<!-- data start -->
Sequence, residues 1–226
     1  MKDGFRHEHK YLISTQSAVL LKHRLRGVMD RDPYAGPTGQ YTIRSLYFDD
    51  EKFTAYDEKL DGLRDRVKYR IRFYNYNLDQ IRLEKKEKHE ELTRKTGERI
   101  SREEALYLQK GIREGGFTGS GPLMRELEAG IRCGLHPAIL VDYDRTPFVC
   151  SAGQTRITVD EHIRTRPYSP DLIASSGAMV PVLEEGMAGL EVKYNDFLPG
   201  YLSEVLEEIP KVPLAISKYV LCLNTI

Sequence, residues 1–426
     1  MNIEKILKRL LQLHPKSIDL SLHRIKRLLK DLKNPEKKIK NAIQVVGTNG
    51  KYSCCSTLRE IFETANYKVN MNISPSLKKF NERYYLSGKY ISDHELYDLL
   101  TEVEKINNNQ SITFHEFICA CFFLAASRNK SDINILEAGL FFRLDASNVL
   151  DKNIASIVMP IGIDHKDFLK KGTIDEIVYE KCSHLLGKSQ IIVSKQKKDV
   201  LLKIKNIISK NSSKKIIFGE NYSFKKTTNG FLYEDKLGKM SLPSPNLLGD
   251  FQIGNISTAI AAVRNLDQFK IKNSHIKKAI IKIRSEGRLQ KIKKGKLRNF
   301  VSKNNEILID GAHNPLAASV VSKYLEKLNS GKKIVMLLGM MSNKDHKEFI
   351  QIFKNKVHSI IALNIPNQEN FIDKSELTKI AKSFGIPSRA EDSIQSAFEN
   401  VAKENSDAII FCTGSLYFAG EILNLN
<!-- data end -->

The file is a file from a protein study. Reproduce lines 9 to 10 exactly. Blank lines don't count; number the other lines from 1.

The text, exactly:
    51  KYSCCSTLRE IFETANYKVN MNISPSLKKF NERYYLSGKY ISDHELYDLL
   101  TEVEKINNNQ SITFHEFICA CFFLAASRNK SDINILEAGL FFRLDASNVL